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Recent instructions to pregnant women that came from FDA about limiting the amount of mercury-containing fish in their nutrition may have the unintended effect of depriving fetuses of essential nutrients found in fish.

New studies show that while excessive mercury intake during pregnancy can harm neurological development in fetuses, n-3 polyunsaturated fatty acids and other nutrients in fish may play a crucial role in the neurocognitive development of infants.

Cognitive abilities of 6-month-old infants were tested, and the results were compared to the amount of fish the infants' mothers ate during pregnancy and the amount of mercury in the mothers' hair. Infants who scored highest on the cognitive tests had mothers who ate more fish during pregnancy and had lower levels of hair mercury.

Researchers report that this is probably due to consumption of those fish types that have little mercury and high amounts of beneficial nutrients like such as salmon, canned light tuna and sardines.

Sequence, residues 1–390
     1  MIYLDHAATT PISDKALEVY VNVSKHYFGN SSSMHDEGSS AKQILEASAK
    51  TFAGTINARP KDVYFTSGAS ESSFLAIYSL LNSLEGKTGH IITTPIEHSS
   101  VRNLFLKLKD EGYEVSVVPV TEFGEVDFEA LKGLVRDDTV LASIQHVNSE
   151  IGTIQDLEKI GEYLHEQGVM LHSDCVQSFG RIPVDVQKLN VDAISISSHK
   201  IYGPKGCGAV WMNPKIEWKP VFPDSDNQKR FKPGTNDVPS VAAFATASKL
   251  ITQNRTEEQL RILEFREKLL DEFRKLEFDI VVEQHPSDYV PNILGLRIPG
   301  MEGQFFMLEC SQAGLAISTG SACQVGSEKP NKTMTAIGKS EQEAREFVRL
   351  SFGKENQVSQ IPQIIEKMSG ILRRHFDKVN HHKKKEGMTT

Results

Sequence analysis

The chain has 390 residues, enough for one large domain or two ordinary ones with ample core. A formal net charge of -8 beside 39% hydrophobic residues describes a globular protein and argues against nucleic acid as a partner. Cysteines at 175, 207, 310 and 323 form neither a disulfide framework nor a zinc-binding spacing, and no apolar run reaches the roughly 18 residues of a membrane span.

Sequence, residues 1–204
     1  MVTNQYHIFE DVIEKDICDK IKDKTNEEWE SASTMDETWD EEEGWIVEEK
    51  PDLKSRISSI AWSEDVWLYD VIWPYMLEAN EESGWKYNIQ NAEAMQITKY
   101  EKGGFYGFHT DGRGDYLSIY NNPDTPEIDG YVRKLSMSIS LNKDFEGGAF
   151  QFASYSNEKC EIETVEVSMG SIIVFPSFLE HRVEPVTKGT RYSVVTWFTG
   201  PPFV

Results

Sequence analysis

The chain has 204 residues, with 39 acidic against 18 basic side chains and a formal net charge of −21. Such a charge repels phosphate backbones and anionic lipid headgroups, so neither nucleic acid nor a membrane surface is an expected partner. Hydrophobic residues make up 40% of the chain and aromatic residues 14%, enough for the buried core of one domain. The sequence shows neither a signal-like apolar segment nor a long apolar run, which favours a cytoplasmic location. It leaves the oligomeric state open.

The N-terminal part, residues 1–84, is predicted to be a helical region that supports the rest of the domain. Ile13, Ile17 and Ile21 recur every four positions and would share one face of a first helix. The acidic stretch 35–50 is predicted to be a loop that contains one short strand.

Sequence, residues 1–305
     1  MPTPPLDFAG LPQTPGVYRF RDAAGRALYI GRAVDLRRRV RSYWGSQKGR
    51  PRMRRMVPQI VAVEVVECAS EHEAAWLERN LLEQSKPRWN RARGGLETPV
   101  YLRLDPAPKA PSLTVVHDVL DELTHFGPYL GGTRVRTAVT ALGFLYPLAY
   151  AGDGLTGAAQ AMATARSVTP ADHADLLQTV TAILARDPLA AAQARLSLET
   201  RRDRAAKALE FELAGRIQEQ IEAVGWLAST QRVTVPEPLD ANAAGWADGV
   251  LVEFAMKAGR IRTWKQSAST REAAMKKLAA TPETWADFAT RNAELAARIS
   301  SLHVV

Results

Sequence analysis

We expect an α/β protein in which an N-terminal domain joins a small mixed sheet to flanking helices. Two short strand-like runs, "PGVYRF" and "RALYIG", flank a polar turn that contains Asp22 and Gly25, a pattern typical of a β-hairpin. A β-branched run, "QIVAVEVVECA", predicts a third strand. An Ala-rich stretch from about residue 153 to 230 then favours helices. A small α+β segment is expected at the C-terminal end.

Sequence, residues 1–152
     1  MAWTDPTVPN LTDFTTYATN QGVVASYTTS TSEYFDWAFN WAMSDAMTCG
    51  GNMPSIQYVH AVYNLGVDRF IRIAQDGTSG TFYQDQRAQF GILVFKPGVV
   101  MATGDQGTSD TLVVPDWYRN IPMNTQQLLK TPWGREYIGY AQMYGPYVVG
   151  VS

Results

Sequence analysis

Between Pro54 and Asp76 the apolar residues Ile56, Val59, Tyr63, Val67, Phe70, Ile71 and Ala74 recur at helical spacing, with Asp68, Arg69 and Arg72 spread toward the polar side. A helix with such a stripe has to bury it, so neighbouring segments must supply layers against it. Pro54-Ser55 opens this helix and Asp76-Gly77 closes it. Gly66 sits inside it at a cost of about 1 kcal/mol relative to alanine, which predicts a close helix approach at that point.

Recommendations published in the magazine Consumer Reports this week urge women to avoid eating any canned tuna while pregnant because of uncertainties about the risk of mercury contamination to developing fetuses.

The recommendations are stricter than the federal government's advice issued two years ago. Then, the FDA advised women and young children to limit — but not avoid — consumption of canned tuna because of contamination.

But the magazine's experts say women should avoid the popular item altogether because of FDA data showing that some canned tuna may have higher mercury levels than once thought.Canned tuna and most other fish and seafood contain some amount of toxic mercury that has worked its way through the food chain because of industrial pollution. In adequate doses, the metal can damage the developing nervous system in fetuses and children.